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J Virol. 2001 Jul;75(13):5958-64.

Immature monocyte-derived dendritic cells are productively infected with herpes simplex virus type 1.

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Centre for Virus Research, Westmead Millennium Institute and University of Sydney, Westmead, NSW 2145, Australia.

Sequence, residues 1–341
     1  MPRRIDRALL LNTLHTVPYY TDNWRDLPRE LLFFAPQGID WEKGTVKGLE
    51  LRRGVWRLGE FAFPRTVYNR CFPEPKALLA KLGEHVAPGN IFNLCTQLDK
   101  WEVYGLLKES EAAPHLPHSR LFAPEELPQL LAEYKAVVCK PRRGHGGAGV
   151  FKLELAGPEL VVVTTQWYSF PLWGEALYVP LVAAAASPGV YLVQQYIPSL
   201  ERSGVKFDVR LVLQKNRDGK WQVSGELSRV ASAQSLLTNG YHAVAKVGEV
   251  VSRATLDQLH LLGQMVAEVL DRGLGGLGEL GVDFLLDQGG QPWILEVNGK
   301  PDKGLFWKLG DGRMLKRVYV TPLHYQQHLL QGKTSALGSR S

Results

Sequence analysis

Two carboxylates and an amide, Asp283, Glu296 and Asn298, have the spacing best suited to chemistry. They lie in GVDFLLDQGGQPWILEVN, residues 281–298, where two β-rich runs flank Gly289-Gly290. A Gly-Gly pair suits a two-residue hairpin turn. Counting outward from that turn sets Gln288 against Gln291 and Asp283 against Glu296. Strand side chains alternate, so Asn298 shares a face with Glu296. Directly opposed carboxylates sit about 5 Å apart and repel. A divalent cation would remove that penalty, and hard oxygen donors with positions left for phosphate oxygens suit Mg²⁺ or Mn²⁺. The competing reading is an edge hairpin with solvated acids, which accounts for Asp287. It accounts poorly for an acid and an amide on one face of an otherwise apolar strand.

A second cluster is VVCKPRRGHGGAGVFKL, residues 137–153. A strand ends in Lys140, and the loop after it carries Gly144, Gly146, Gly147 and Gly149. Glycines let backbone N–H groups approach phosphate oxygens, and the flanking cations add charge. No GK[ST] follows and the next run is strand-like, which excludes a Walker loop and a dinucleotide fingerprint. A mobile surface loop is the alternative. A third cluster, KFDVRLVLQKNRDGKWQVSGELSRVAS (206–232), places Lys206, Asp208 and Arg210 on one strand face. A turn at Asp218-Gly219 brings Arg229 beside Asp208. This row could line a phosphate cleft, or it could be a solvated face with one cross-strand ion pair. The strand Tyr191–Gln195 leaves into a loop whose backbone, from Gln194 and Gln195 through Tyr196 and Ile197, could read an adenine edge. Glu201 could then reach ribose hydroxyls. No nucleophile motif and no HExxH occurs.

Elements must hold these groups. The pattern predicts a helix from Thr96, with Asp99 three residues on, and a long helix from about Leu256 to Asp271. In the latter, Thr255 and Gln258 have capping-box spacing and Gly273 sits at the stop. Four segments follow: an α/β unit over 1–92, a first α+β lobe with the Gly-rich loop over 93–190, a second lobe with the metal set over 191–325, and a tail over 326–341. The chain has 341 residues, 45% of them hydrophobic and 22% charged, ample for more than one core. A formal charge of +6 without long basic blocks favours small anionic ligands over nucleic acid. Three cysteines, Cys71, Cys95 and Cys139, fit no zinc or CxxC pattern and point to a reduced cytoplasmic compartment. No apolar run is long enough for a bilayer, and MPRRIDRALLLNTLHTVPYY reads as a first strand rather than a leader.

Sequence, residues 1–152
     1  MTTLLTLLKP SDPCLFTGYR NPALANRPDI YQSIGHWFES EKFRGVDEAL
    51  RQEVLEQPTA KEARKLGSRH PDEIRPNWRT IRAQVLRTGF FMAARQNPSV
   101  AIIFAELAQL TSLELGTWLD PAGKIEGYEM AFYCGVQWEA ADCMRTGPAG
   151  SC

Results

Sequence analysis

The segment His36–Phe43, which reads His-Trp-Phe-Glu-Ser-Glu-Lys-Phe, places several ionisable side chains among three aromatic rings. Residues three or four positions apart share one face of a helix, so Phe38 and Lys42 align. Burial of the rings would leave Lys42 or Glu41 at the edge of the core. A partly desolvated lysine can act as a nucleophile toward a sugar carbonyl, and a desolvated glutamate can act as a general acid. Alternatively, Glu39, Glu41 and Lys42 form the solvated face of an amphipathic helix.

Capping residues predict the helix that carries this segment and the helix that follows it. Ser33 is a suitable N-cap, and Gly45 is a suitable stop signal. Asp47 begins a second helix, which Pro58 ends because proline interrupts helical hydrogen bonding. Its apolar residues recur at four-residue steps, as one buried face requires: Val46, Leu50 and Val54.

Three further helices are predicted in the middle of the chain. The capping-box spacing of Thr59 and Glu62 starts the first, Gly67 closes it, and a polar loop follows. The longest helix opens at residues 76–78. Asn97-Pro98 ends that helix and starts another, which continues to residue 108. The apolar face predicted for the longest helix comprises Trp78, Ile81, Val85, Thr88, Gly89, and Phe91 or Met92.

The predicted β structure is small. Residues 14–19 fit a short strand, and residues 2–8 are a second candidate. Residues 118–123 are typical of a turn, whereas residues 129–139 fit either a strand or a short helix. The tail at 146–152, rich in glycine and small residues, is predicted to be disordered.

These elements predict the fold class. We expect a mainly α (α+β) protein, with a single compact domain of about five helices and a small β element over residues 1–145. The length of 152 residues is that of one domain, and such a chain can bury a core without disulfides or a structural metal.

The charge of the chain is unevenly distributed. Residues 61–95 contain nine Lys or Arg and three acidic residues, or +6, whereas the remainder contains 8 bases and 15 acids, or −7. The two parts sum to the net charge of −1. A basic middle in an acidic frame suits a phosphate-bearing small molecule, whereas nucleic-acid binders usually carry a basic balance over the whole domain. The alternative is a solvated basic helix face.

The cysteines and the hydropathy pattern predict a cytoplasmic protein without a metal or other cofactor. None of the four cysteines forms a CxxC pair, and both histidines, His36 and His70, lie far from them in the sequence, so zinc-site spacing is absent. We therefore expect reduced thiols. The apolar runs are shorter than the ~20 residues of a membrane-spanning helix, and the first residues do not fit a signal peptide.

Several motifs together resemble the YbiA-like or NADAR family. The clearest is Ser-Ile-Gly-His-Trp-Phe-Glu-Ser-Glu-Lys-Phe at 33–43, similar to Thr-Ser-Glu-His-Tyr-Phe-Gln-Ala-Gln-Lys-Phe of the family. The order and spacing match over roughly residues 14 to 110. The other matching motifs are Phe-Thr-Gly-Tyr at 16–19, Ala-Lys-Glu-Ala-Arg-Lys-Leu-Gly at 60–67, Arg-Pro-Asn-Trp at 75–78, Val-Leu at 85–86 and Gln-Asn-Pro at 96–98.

Herpes simplex viruses (HSV) have developed several immunoevasive strategies. Here we demonstrate a novel mechanism by which HSV type 1 may interfere with the immune response through infection of immature dendritic cells (DC) and selective downmodulation of costimulatory molecules. In our study we show productive infection of immature monocyte-derived DC, which closely resemble sessile Langerhans cells, by sequential expression of immediate-early, early, and late viral proteins and of glycoprotein D mRNA, as well as production of infectious virus of moderate titers. Infection was cytopathic, with the progressive loss of 20 to 45% of cells from 24 to 48 h after infection, with no more than 80% of DC found to be infected. These results are in contrast to those of previous findings of nonpermissive or abortive infection of monocytes and mature monocyte-derived DC. Infection of immature DC also led to selective and asynchronous downregulation of CD1a, CD40, CD54 (ICAM-1) (12 h postinfection), CD80 (24 h postinfection), and CD86 (48 h postinfection) but not of CD11c or major histocompatibility complex class I and II molecules when compared to DC exposed to UV-inactivated virus. Thus, we propose that productive infection of epidermal Langerhans cells in vivo may lead to delayed activation of T cells, allowing more time for replication of HSV type 1 in epidermal cells.

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